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Ben Cumming's War - Appendix: Lyrics to "The D-Day Dodgers"

by Torbay Libraries

Contributed by 
Torbay Libraries
People in story: 
Ben Cumming
Location of story: 
Sicily, Italy
Background to story: 
Article ID: 
Contributed on: 
04 March 2005

This story was submitted to the People's War site by Paul Trainer of Torbay Library Services on behalf of Benita Cumming, daughter of Ben Cumming and has been added to the site with her permission. Ms Cumming fully understands the site's Terms and Conditions.

For the full context of this song, refer to Ben Cumming's War - Chapter 3: Sicily and Italy, also on this site.

"The D-Day Dodgers"
Sung to the tune of 'Lili Marlene'

Dedicated to the gallant comrades and unknown warriors of the Eighth Army, who fought at: El Alamein, El Agheila, Tripoli, Mureth Tunis, Sicily, Reggia, Sangro, Vollurno, Anzio, Cassino, Gothic line, Senio, Po River, Austria.

We are the "D-Day" Dodgers way out in Italy,
Always drinking vino, always on the spree.
Eighth Army skyvers and the Yanks,
Sixth Armoured Divi with their tanks
For we are the D-Day Dodgers, the lads that dodged D-Day.

We landed at Salerno, a holiday with pay,
Jerry brought the bank down to cheer us on our way,
We all sang songs, and the beer was free
We kissed all the girls in Papoli
For we are the D-Day Dodgers, the lads that dodged D-Day.

The Volturno and Cassino were taken in our stride,
We didn't go to fight there, we just went for the ride!
Anzio and Sangro were all forlorn,
We didn't do a thing, from dusk till dawn,
For we are the D-Day Dodgers, the lads that dodged D-Day.

On our way to Florence we had a lovely time,
We ran a bus to Rimini, through the Gothic Line,
Winter sports and the snow,
Then we went bathing in the Po,
For we are the D-Day Dodgers, the lads that dodged D-Day.

We hope the boys in France will soon get home on leave,
After six months service, it's a shame they are not relieved,
But we'll carry on for several years,
Because our wives don't shed many tears,
For we are the D-Day Dodgers, the lads that dodged D-Day.

Once we had a blue light, we were going home,
Back to dear Old Blighty, never more to roam,
Then someone whispered, "In France you'll fight",
We said, "Not that, we'll just sit tight",
For we are the D-Day Dodgers, the lads that dodged D-Day.

Oh, Lady Astor, listen please to us,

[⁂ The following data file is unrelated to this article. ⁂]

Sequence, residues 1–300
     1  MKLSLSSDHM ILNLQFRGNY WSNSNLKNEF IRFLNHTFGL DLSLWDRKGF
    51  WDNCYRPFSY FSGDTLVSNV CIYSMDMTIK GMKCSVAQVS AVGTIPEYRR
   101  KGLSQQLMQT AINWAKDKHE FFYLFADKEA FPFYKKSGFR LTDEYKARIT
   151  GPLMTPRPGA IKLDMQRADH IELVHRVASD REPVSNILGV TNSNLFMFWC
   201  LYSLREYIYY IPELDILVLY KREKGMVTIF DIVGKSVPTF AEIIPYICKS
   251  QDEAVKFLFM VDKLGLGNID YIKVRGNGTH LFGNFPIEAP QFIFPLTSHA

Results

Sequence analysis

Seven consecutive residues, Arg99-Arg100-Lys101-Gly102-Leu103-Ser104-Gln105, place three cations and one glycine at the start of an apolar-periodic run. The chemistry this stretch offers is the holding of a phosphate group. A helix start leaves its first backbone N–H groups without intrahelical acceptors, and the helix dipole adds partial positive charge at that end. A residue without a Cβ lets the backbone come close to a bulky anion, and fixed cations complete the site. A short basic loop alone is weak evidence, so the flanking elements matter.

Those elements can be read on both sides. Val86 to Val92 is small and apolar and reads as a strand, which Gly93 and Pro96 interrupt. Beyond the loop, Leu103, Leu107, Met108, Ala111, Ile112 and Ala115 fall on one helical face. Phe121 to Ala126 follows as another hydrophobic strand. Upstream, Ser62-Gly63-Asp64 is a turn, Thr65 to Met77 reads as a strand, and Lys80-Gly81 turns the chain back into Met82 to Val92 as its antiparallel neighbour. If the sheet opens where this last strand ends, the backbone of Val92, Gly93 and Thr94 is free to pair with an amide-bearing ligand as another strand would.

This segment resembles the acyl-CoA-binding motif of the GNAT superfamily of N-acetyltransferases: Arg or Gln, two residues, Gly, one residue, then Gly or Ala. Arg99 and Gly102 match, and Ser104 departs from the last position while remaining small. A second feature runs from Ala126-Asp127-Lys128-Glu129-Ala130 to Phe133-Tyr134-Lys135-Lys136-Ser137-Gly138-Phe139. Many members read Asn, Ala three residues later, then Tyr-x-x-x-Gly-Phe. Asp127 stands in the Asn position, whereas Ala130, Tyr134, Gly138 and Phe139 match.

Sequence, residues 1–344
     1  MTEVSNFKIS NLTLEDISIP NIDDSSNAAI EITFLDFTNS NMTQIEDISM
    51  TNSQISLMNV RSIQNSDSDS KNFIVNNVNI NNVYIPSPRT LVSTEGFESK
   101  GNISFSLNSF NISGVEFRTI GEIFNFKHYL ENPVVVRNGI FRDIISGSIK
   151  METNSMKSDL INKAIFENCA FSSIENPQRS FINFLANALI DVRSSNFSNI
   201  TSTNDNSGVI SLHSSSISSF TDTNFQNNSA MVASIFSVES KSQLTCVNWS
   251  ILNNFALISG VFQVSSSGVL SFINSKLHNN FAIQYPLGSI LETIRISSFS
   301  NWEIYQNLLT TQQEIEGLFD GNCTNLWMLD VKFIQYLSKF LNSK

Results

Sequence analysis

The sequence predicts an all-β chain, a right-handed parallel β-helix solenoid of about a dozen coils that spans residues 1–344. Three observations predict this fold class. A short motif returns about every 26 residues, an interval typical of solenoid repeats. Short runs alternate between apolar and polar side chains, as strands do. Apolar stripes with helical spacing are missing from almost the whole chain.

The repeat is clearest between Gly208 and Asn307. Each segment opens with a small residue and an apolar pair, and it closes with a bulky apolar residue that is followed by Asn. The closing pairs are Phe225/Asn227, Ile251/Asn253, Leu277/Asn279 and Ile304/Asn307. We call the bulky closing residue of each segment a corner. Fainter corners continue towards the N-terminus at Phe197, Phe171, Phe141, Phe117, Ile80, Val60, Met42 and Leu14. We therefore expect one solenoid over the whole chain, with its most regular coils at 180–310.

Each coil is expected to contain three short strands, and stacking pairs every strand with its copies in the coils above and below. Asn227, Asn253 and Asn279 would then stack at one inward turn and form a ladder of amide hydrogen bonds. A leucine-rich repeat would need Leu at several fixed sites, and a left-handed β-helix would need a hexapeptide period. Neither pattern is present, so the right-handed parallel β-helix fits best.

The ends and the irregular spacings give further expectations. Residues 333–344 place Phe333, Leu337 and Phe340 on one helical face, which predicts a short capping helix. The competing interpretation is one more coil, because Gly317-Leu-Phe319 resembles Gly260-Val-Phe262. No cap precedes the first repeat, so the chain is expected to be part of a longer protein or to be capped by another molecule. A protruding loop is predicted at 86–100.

Don't stand on a platform and make a lot of fuss,
You're the nations sweetheart, the nations pride,
But your lovely mouth is far too wide,
That's from the D-Day Dodgers, the lads that dodged D-Day.

(The last verse to be sung with tears in your eyes, and vino at the lips.)

If you look around the mountains, through the mud and rain,
You'll find battered crosses, some which bear no name,
Heartbreak, toil and suffering gone,
The boys beneath, they slumber on,
They were the D-Day Dodgers, the lads that dodged D-Day.

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These messages were added to this story by site members between June 2003 and January 2006. It is no longer possible to leave messages here. Find out more about the site contributors.

Message 1 - Ben Cummings

Posted on: 04 March 2005 by Trooper Tom Canning - WW2 Site Helper

re D Day Dodgers

of the many many versions of that song - this one must be the 6th Armoured's Divs.version - no matter which one is sung - the last verse is still the reality of our "Dodging"- as my friend Ron Goldstein wrote just a few days ago the winds, rain, snow in the mountains had to be experienced before true belief could set in.

On my last visit in September 04 - to the Coriano Cemetery, the day after
a most beutiful day which allowed me to wander around taking pictures - the monsoons set in for four days without ceasing. Reminding me of the vagaries of the Italian weather, and the hardship which we fought under.
Guardsman Cumming as a member of 6th Grenadiers, of 201 Brigade saw their more than fair share of those hardships all the way through with 8th Army from the sands of the Desert, through the Mud and the Blood
to the Green fields beyond !
with the greatest of respect for all who served there
tom canning


Message 2 - Ben Cummings

Posted on: 05 March 2005 by Peter - WW2 Site Helper

I have commented on Part 4 (A3744119) regarding the events in Venezia Giulia in 1945.


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